“In Episode 1, we establish up the family and the lives, and we are absolutely consciously humanity forward,” she says of the story’s pacing. We wanted to spend the first episode introducing you to these characters and having dinner with them before we saw the disaster. We’ll see the consequences of Emmett’s captivity in episodes 2 through 6.”
There was another element about the story that was imperative to reiterate as much as possible, says Cerar. “It was really important to me that we state his age in every episode, [because] even in court, they refer to him as a man. It was a strategy. Emmett had just turned 14 before he went to Mississippi to visit family, and that was so important that we constantly remind the audience that he was a 14‑year‑old boy.”
Adding to this thought, Warren adds, “There’s so much responsibility in telling [these] stories of people, especially our ancestors, this history is our history. It is an honor to have the opportunity to tell their stories.”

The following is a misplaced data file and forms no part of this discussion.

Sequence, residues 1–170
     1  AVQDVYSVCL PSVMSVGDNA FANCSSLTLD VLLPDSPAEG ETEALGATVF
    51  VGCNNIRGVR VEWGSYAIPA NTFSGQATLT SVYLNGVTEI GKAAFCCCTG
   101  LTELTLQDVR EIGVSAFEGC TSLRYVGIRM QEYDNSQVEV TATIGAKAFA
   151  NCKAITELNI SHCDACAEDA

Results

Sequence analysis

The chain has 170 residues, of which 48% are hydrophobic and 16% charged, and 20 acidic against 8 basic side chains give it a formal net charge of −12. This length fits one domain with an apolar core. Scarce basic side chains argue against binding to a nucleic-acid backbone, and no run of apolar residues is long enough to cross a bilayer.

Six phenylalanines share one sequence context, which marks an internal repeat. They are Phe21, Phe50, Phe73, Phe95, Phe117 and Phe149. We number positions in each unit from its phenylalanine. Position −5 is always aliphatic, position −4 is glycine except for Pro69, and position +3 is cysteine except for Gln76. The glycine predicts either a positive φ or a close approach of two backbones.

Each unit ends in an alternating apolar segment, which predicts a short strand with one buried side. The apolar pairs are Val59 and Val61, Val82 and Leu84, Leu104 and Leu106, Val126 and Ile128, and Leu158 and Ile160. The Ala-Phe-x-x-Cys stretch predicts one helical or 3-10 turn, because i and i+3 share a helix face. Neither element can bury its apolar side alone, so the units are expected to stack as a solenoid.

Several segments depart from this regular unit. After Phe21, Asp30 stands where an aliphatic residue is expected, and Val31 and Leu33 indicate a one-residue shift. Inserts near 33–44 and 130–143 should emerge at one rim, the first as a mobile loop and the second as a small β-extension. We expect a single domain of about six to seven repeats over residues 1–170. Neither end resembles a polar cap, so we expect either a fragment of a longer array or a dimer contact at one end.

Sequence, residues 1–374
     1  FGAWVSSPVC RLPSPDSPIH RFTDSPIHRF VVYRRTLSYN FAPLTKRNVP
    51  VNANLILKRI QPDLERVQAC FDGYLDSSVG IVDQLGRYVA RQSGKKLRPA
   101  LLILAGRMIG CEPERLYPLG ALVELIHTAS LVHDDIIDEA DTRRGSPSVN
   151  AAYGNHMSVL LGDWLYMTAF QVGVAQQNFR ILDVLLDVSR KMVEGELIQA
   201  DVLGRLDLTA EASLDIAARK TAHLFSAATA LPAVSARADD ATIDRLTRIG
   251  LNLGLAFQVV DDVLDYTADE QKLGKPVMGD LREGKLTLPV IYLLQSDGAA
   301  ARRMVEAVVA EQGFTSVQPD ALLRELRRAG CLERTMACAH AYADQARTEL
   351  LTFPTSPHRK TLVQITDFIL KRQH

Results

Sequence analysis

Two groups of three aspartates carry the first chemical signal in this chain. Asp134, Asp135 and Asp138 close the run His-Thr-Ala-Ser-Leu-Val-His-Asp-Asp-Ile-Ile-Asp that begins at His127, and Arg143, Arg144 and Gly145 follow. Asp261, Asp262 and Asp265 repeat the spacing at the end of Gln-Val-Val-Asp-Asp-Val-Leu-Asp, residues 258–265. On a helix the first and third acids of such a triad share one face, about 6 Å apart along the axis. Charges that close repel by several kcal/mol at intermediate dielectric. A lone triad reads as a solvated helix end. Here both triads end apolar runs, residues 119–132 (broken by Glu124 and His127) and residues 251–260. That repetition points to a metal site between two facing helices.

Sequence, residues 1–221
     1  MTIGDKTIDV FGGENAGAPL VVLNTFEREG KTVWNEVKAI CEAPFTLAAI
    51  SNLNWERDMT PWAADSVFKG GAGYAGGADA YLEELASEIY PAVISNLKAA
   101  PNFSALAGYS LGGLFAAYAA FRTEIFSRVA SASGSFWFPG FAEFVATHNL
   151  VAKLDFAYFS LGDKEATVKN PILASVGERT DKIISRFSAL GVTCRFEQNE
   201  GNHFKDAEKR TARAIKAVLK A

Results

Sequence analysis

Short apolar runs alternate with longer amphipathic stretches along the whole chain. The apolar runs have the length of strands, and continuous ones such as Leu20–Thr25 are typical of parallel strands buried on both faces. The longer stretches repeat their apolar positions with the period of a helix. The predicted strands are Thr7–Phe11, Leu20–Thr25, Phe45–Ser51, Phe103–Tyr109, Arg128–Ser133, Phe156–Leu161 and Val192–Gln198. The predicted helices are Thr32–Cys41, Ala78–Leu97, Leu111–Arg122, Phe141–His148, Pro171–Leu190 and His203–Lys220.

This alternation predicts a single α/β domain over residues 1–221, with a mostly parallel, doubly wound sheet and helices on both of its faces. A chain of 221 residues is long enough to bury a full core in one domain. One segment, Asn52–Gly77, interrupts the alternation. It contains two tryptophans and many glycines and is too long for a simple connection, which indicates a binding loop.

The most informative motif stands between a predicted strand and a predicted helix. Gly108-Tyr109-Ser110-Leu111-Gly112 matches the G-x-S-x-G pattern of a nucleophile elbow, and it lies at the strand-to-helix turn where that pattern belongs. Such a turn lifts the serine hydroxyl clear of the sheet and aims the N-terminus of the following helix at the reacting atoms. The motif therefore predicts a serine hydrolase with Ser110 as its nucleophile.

Cerar agrees that There was some thoughtful editing that had to take place, “[With] any true story you can’t put every single minute on the page or even on the screen. So, yes, it was very difficult to condense, summarize, and contain the story, but I’m so proud that we were able to tell as much as we did.”
She does, however, stress out that, while the timeline was shortened, there were no liberties taken in telling Till’s actual story. “The truth is we didn’t have to change anything. We didn’t have to manipulate anything.”
What happened to Till and the aftermath of it still resonates today, for a multitude of reasons, says Cerar, explaining, “Literally, while I was writing the finale, it was the summer of George Floyd, So, it’s still happening. We just told the story, and the audience will come to their own conclusions; but unfortunately, we are still experiencing the same injustice and trauma.”
‘Women of the Movement’ begins on ABC at 8 p.m. on Thursday, January 6th.